Themes are the fundamental and often universal ideas explored in a literary work.
With A Tale of Two Cities, Dickens asserts his belief in the possibility of resurrection and transformation, both on a personal level and on a societal level. The narrative suggests that Sydney Carton’s death secures a new, peaceful life for Lucie Manette, Charles Darnay, and even Carton himself. By delivering himself to the guillotine, Carton ascends to the plane of heroism, becoming a Christ-like figure whose death serves to save the lives of others. His own life thus gains meaning and value. Moreover, the final pages of the novel suggest that, like Christ, Carton will be resurrected—Carton is reborn in the hearts of those he has died to save. Similarly, the text implies that the death of the old regime in France prepares the way for the beautiful and renewed Paris that Carton supposedly envisions from the guillotine. Although Carton spends most of the novel in a life of indolence and apathy, the supreme selflessness of his final act speaks to a human capacity for change. Although the novel dedicates much time to describing the atrocities committed both by the aristocracy and by the outraged peasants, it ultimately expresses the belief that this violence will give way to a new and better society.
Dickens elaborates his theme with the character of Doctor Manette. Early on in the novel, Lorry holds an imaginary conversation with him in which he says that Manette has been “recalled to life.” As this statement implies, the doctor’s eighteen-year imprisonment has constituted a death of sorts. Lucie’s love enables Manette’s spiritual renewal, and her maternal cradling of him on her breast reinforces this notion of rebirth.
Connected to the theme of the possibility of resurrection is the notion that sacrifice is necessary to achieve happiness. Dickens examines this second theme, again, on both a national and personal level. For example, the revolutionaries prove that a new, egalitarian French republic can come about only with a heavy and terrible cost—personal loves and loyalties must be sacrificed for the good of the nation. Also, when Darnay is arrested for the second time, in Book the Third, Chapter 7, the guard who seizes him reminds Manette of the primacy of state interests over personal loyalties. Moreover, Madame Defarge gives her husband a similar lesson when she chastises him for his devotion to Manette—an emotion that, in her opinion, only clouds his obligation to the revolutionary cause. Most important, Carton’s transformation into a man of moral worth depends upon his sacrificing of his former self. In choosing to die for his friends, Carton not only enables their happiness but also ensures his spiritual rebirth.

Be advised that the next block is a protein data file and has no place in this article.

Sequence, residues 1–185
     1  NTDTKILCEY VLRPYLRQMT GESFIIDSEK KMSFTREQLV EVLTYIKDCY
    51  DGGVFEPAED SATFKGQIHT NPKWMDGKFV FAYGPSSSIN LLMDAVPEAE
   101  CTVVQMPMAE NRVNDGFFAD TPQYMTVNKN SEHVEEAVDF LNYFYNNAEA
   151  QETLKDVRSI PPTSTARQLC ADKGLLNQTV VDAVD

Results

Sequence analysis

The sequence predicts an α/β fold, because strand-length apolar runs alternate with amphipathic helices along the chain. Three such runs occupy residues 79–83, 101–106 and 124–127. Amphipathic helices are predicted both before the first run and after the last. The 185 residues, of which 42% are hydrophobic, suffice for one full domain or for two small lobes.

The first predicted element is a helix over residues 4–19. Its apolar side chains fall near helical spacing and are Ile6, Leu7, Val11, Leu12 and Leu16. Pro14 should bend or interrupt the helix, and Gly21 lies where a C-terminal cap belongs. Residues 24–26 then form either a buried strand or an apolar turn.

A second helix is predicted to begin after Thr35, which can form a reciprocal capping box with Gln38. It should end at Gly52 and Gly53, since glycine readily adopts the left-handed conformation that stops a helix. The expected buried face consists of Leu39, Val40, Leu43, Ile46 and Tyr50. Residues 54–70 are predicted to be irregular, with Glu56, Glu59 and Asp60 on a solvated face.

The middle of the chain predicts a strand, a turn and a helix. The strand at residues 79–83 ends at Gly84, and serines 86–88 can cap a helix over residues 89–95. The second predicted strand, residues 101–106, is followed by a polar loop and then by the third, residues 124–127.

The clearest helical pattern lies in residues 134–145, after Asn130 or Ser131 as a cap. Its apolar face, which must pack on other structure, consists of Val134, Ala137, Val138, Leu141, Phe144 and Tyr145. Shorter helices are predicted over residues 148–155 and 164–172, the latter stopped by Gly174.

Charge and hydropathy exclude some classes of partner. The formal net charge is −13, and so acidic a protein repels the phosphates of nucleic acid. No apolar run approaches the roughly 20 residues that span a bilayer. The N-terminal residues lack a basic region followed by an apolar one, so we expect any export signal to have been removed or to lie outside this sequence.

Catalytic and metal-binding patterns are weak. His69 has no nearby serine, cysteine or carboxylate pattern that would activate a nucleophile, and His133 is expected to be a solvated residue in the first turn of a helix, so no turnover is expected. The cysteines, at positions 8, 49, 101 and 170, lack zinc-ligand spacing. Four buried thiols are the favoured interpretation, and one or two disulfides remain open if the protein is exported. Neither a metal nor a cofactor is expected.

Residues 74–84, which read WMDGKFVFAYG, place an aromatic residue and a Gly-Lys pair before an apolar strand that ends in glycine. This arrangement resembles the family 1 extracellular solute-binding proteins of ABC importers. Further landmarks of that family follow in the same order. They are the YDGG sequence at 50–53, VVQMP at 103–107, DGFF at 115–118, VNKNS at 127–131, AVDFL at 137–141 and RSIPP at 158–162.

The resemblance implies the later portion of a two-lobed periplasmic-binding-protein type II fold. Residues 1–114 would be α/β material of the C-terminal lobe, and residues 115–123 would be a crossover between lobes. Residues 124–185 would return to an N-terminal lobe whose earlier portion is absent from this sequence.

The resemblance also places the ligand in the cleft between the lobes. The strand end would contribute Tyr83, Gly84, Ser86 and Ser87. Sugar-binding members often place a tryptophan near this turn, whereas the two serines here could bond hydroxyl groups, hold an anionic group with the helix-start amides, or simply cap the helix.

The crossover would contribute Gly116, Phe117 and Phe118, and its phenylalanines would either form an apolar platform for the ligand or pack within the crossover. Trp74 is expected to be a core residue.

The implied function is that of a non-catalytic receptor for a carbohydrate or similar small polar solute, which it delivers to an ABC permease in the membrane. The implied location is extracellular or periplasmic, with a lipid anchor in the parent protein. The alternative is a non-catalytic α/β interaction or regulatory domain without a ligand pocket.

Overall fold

Throughout the novel, Dickens approaches his historical subject with some ambivalence. While he supports the revolutionary cause, he often points to the evil of the revolutionaries themselves. Dickens deeply sympathizes with the plight of the French peasantry and emphasizes their need for liberation. The several chapters that deal with the Marquis Evrémonde successfully paint a picture of a vicious aristocracy that shamelessly exploits and oppresses the nation’s poor. Although Dickens condemns this oppression, however, he also condemns the peasants’ strategies in overcoming it. For in fighting cruelty with cruelty, the peasants effect no true revolution; rather, they only perpetuate the violence that they themselves have suffered. Dickens makes his stance clear in his suspicious and cautionary depictions of the mobs. The scenes in which the people sharpen their weapons at the grindstone and dance the grisly Carmagnole come across as deeply macabre. Dickens’s most concise and relevant view of revolution comes in the final chapter, in which he notes the slippery slope down from the oppressed to the oppressor: “Sow the same seed of rapacious license and oppression over again, and it will surely yield the same fruit according to its kind.” Though Dickens sees the French Revolution as a great symbol of transformation and resurrection, he emphasizes that its violent means were ultimately antithetical to its end.